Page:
Purchase mortgages grew at a faster rate in rural communities than in the rest of the nation last year and rural borrowers paid significantly higher rates of interest than urban or suburban home buyers in 2014, according to an analysis of recently released data from the Home Mortgage Disclosure Act (HMDA) by Keith Wiley, senior research associate at the Housing Assistance Council.
While all mortgages declined, the number of loans for home purchases increased both nationally and in rural communities in 2014. Rural home purchase originations grew by almost 7 percent, higher than the national increase in home purchases, which increased 4 percent over 2013. However, rural home purchase loan volume (440,489) still remained less than half of what it was before the Great Recession in 2006 (926,156).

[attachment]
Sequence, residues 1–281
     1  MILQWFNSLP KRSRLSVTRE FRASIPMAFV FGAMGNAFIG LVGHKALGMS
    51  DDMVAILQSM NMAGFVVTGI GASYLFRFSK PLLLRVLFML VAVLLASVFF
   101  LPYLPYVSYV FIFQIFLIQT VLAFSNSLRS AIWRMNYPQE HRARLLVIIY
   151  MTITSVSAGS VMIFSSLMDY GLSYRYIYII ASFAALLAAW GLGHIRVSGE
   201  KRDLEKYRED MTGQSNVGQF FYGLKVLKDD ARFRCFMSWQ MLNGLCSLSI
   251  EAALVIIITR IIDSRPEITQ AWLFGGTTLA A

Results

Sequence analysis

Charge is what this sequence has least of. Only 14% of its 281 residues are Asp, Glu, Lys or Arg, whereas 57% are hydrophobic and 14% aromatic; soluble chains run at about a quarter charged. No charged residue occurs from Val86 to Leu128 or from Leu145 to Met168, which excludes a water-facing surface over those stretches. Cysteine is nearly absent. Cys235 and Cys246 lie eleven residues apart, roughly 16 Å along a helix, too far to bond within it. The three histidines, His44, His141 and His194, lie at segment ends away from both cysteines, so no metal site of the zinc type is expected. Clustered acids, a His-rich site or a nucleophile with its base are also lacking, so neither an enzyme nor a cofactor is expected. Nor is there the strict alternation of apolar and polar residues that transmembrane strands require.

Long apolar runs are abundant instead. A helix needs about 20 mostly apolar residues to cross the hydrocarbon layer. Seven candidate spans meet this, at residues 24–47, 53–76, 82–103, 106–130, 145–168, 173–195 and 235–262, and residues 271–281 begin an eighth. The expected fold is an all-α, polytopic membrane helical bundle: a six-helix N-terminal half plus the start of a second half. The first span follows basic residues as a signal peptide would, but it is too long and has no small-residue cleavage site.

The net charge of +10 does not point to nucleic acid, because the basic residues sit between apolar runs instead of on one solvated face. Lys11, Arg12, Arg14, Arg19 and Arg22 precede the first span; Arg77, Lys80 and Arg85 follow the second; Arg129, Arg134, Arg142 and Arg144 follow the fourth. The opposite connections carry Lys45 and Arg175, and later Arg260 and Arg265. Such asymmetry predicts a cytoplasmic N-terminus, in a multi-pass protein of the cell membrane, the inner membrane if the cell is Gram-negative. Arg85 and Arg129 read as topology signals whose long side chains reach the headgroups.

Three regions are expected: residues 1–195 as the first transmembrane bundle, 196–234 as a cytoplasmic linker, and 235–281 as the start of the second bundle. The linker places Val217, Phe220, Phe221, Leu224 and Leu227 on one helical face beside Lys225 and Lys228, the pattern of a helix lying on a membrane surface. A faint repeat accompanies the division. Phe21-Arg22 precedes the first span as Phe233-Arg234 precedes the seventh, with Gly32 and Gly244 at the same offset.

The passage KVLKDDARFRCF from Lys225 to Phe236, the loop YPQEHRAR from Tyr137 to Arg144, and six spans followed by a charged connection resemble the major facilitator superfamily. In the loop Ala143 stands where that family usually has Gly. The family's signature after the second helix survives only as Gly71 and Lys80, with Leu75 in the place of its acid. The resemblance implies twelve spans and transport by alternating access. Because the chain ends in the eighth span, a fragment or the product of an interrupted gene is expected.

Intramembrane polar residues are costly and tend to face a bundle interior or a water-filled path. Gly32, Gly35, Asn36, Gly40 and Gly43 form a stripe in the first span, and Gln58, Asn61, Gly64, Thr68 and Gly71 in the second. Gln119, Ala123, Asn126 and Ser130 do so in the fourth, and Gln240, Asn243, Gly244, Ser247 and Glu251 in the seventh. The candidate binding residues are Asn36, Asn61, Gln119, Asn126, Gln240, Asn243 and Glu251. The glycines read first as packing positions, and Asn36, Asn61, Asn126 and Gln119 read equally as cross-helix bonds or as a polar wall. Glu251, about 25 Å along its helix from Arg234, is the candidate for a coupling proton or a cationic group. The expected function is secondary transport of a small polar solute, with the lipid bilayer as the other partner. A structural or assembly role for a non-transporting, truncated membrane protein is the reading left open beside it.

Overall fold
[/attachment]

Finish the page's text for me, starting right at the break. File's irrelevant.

However, rural home buyers paid higher interest rates mortgages last year than urban or suburban buyers. Approximately 15 percent of all rural home purchase loans were classified as high cost in 2014, up from 11 percent for calendar year 2013. The rate of rural high cost lending is approximately four and three percentage points higher than the rate for suburban and urban loans. High cost mortgages with interest rates that are significantly higher than the prime rates charged for similar loans (1.5 percentage points higher for a first lien and 3.5 percentage points higher for a second lien).
One reason rural loans average higher rates of interest than loans in other regions may be that high cost loans are particularly prevalent in manufactured home lending, a market segment important to rural communities. In 2014, nearly two-thirds of rural manufactured home purchase loans were classified as high cost loans — six times the high cost rate for single family home loans. Manufactured homes are largely financed with personal property, or “chattel,” loans which frequently carry higher interest rates than conventional home purchase mortgages. Approximately half of all manufactured home loans occurred in rural communities which elevates the overall high cost lending levels in rural areas.